I have new venture now and that is to photograph the flora on Portland. When there are times when there is little to write about, I shall endeavour to add a few images to the blog and on a new set of pages titled Portland Flora Here

Here are a few images from this afternoon.

A pair of Bloody-nosed Beetles.
Just the one Harlequin Ladybird seen today.
Hart's-tongue Fern, Asplenium scolopendrium
Here are the fronds of the Harts-tongue Fern. This fern also goes by the name of Burnt Weed, Buttonhole, Christ's Hair and Horse Tongue.

Cyclamen, Cyclamen
Old Man’s Beard, Clematis vitalba (Also known as Travellers’ Joy & Wild Clematis)
Ships Today
This the General cargo vessel Sea Kestrel flying the flag of the Cayman Island. Its on its way from Terneuzen, Holland to Avonmouth. More on this vessel Here.

This the vehicles carrier Schelde Highway flying the flag of Panama. Its on its way from Dublin to Zeebrugge, Belgium. More on this vessel Here.

This the British Cargo vessel Celtic Endeavour on its way from Groveport, near Scunthorpe to Plymouth. More on this vessel Here.
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Sightings - Tuesday 11th September 2018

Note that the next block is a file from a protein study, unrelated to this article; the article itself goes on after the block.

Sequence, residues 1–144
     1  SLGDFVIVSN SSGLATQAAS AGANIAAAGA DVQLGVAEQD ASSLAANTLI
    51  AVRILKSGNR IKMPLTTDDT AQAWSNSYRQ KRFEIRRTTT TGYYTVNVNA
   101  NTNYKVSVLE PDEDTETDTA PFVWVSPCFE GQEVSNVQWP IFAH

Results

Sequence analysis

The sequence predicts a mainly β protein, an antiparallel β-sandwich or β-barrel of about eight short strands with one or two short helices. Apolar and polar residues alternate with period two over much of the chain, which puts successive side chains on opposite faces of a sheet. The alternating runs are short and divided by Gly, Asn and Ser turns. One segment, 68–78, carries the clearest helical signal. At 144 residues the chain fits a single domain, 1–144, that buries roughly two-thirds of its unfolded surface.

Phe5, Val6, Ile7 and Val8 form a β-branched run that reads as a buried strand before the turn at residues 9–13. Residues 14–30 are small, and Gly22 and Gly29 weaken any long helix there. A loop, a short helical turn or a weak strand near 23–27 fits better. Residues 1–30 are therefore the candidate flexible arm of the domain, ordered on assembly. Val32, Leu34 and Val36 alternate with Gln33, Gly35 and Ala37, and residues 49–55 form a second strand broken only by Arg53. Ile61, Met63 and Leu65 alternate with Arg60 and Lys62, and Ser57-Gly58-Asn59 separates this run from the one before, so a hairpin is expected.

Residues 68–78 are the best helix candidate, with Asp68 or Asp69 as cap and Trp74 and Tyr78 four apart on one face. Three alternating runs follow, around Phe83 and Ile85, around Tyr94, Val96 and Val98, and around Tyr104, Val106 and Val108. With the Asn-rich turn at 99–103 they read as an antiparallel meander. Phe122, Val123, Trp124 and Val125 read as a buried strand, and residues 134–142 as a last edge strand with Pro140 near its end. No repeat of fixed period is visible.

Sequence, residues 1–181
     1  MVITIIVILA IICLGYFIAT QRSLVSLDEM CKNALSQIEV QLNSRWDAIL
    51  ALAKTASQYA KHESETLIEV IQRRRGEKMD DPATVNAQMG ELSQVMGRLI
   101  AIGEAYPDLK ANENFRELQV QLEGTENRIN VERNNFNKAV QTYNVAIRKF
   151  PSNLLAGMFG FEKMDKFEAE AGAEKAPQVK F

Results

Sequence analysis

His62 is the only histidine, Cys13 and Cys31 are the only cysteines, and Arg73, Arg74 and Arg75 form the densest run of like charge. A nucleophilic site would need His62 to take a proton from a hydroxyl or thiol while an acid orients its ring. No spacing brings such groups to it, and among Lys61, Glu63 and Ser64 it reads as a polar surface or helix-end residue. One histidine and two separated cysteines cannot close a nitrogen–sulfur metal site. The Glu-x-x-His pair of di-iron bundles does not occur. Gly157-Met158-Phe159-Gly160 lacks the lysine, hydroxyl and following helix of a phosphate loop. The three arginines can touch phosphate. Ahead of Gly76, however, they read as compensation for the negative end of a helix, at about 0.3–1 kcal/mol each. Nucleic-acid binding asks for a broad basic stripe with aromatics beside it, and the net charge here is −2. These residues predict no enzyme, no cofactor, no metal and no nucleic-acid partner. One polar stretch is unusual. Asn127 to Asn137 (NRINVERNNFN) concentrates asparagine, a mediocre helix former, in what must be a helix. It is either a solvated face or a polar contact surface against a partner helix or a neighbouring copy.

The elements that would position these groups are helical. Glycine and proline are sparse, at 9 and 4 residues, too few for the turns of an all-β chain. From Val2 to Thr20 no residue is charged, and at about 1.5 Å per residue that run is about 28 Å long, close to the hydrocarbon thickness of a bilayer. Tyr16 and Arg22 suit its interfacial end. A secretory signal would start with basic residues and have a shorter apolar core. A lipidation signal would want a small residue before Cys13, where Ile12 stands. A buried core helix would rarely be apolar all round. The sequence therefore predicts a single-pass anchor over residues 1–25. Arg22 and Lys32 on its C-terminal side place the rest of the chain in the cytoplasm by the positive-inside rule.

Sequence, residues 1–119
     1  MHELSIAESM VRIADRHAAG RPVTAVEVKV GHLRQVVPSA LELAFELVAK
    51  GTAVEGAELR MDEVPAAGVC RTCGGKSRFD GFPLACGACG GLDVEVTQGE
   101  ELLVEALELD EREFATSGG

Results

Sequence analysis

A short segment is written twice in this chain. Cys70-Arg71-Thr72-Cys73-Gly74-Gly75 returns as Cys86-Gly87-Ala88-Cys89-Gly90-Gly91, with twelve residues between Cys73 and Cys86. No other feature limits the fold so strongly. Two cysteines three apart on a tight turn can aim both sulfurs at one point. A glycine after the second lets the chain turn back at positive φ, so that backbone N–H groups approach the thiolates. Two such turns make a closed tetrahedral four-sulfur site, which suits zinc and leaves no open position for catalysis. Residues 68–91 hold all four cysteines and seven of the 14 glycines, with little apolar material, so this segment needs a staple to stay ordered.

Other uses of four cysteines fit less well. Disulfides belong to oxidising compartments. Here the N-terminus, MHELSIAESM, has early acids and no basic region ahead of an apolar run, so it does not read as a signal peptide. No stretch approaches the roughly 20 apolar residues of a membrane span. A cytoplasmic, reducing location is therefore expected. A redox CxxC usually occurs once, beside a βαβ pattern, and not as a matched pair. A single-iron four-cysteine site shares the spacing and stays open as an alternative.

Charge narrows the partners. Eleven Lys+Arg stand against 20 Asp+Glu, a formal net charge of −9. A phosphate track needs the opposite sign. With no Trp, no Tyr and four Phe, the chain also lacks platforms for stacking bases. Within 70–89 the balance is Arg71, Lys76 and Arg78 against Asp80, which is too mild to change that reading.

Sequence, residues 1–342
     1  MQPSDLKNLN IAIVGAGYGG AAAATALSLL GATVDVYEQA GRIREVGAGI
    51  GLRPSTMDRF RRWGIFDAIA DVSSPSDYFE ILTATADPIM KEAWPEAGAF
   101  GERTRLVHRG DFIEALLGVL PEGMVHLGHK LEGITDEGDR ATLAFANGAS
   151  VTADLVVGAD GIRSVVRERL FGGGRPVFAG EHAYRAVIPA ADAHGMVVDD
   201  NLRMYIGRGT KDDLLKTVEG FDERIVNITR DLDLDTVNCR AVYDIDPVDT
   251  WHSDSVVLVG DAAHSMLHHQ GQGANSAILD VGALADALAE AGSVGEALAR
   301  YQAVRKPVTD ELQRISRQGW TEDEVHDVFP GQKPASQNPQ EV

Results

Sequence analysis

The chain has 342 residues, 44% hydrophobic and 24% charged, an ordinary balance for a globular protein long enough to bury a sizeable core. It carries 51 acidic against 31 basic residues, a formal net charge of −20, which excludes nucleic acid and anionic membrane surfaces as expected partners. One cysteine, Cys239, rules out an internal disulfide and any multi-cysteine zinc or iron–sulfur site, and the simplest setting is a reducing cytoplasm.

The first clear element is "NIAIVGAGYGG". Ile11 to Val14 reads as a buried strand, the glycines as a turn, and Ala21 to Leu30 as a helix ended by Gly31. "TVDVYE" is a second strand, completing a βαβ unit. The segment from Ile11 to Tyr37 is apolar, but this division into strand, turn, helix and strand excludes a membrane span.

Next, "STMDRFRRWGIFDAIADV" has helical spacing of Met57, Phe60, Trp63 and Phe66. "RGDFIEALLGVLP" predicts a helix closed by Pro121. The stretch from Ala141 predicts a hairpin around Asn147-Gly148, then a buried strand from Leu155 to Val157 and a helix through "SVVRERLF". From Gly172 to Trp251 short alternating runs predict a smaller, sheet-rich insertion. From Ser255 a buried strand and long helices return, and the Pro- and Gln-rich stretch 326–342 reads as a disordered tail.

Dorset Bird Club - Tue, 09/11/2018 - 21:02
Common Scoter - off Mudeford Quay
Manx Shearwater - 1 Portland
Balearic Shearwater - 1 off Mudeford Quay
Great White Egret - 1 - Lodmoor RSPB, 1 Portland
Spoonbill - 1 Stanpit
Marsh Harrier - 1 Middlebere, 2 Lodmoor RSPB
Hobby - 1 Middlebere, 1 Stanpit
Yellow-legged Gull - 1 Mudeford
Little Gull - 1 off Mudeford Quay
Black Tern - 1 off Mudeford Quay
Sandwich Tern - 57 off Mudeford Quay
Knot - 1 Stanpit
Curlew Sandpiper - 13 Brownsea, 1 Middlebere
Common Sandpiper - 1 Lodmoor RSPB
Greenshank - 2 Middlebere
Spotted Redshank - 1 Lytchett Bay, 1 Middlebere
Black-tailed Godwit - 540 Middlebere
Ruff - 1 Lodmoor RSPB
Dunlin - 30 Hengistbury Head sandspit
Sanderling - 4 Hengistbury Head sandspit

                             Sanderling at Hengistbury Head sandspit copyright Clinton Whale

                          Black-tailed Godwit at Lodmoor RSPB copyright David Wareham

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11th September

Portland Bird Observatory - Tue, 09/11/2018 - 20:26
Some kind of sacrificial offering may have to be made in order to bring some avian life to Portland. With the exception of a Hobby over the Bill Hill, a Common Sandpiper on the rocks at the Bill and a Reed Warbler in the obs quarry the migratory life on Portland was sadly lacking. We can only hope that the change in the weather, forecast for the next couple of days brings a change in our fortunes.